Second, look to other industries facing a similar reality to see how they’re approaching it. For example, the entertainment industry has been hard at work to keep the music alive. From living room live streams to new video content and makeshift outdoor movie theatres, they are pushing the boundaries of what we thought possible. As an example, the National Arts Centre and Ottawa Bluesfest are partnering to bring a summer weekend series of live drive-in concerts in Gatineau, QC.  Going outside the sport industry will force a lens change and may just spark the idea you need!

Q4: Is it recommended to use multiple brainstorming tools at once, or better to focus on one?

It depends. Not an ideal answer but your approach will differ based on the objective, the time you have, and the specific need. There is no right or wrong way to use the tools so you can absolutely try multiple approaches in one session. In fact, sometimes getting unstuck requires shifting gears and trying a new tactic. Other times, you’ll experience breakthrough thinking with just one tool. Give it a try and see what works best for you and your team!

Q5: Where can I find more information (or courses) for creative thinking?

There are some great options for more information on creative thinking including online courses, in-person workshops, books and videos. Here are a few:

Q6: For the sport sector right now, thinking creatively is critical. Do you have any final advice for organizations?

I would leave you with one of Albert Einstein’s most famous quotes: “If I only had 1 hour to solve a problem, I’d spend 55 minutes thinking about the problem and only 5 minutes thinking about a solution”. We so often start brainstorming before we’ve ensured we’re solving the right problem. As the sport sector grapples with a number of challenges in this moment in time, I would encourage us to reframe our thinking by exploring the questions we need to be asking before we dive into answering them. Hal Gregerson’s Question Burst™ is a great place to start. You’ll almost always find a better question to solve for.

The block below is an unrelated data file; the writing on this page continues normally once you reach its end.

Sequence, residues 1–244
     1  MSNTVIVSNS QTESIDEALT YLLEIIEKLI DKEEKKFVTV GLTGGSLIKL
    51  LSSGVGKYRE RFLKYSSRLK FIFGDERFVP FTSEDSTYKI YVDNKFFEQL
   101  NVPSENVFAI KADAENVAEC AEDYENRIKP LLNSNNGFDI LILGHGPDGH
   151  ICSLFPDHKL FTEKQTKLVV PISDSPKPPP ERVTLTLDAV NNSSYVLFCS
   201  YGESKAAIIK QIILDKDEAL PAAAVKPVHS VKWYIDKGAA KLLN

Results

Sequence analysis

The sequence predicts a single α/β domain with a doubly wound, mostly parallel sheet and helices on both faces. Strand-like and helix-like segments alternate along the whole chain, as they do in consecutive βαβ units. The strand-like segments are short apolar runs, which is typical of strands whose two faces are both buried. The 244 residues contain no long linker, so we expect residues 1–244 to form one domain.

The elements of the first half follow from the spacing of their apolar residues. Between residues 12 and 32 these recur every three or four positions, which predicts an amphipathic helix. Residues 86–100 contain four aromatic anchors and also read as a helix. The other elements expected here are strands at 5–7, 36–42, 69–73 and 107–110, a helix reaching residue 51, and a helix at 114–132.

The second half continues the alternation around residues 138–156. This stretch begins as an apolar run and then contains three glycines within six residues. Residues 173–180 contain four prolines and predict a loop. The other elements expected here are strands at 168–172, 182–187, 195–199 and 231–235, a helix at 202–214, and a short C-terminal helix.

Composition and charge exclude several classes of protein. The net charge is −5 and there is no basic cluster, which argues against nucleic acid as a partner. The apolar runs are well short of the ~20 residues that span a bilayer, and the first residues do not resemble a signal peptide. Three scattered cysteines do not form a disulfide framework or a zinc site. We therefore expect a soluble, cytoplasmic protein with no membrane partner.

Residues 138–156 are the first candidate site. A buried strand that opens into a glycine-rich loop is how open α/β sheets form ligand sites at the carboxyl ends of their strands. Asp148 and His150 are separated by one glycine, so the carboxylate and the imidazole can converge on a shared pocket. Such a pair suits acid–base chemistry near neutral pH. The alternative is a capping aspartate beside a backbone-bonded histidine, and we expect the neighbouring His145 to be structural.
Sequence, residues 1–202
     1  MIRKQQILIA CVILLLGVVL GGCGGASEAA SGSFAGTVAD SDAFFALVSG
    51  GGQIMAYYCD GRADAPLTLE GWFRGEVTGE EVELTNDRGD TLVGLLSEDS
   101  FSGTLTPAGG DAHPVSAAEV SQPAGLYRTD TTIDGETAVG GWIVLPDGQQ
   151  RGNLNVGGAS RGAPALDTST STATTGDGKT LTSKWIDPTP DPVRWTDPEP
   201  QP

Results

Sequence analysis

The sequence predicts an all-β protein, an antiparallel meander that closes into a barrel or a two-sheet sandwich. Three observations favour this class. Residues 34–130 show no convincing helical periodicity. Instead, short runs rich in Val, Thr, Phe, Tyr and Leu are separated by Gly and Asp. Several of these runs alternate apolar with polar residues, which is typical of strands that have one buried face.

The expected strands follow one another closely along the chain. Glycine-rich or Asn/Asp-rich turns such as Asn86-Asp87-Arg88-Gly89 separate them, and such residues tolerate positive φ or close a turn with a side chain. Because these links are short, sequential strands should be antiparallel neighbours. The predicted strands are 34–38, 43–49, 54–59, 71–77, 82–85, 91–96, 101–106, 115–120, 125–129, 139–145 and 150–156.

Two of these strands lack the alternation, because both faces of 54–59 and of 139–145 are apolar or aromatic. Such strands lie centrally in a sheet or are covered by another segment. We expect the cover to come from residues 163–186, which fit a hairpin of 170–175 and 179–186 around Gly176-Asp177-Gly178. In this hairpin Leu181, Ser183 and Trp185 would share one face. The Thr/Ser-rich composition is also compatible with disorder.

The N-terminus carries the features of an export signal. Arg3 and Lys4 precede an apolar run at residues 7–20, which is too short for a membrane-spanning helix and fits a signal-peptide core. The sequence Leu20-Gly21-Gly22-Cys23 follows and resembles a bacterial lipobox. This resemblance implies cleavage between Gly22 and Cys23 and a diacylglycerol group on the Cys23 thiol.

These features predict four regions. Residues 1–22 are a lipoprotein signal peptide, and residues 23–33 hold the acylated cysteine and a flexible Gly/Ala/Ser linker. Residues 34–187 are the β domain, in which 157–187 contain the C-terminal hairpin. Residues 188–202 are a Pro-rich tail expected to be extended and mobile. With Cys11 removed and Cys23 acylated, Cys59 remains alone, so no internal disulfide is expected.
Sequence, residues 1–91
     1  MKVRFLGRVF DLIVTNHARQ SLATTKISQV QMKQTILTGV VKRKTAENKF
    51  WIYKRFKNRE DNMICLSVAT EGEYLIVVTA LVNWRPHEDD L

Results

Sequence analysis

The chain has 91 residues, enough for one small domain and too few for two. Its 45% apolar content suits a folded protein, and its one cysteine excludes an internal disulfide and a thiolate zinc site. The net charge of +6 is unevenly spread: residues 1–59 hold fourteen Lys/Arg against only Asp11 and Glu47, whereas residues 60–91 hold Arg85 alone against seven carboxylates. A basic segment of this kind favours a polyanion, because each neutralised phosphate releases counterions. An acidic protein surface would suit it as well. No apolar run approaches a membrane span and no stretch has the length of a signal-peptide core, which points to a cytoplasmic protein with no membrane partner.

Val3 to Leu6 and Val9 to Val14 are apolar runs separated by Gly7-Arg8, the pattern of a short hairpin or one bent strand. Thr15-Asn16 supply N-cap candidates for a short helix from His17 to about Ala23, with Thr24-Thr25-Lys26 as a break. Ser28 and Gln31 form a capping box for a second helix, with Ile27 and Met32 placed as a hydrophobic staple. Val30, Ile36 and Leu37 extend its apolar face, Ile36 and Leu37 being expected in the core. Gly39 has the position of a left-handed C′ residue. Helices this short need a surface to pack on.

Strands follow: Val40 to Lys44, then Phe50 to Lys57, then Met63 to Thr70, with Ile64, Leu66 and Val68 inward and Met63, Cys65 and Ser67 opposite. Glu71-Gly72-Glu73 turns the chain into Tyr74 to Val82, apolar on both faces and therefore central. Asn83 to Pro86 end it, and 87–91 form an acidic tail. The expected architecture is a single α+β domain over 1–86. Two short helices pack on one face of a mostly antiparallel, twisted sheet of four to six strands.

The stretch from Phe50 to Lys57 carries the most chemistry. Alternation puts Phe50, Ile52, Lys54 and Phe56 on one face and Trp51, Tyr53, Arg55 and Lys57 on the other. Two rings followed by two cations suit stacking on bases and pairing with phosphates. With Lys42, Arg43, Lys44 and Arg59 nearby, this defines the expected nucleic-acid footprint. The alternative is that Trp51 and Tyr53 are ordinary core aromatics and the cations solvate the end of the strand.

About the author:

Jill Sadler is currently the VP of Learning & Development for Blueprint North America – an organization committed to building confidence in individuals, teams and organizations on both sides of the border. This means she spends half of her time studying and developing adult learning strategies and the other half of her time in large rooms with thousands of sticky notes. Whether it’s a negotiation workshop, a creative thinking webinar, or a strategic planning session, Jill is always looking to help individuals stretch beyond their perceived capabilities.

Be sure to browse SIRC’s Experts in the House series for more webinar content and to register for future sessions.

The information presented in SIRC blogs and SIRCuit articles is accurate and reliable as of the date of publication. Developments that occur after the date of publication may impact the current accuracy of the information presented in a previously published blog or article.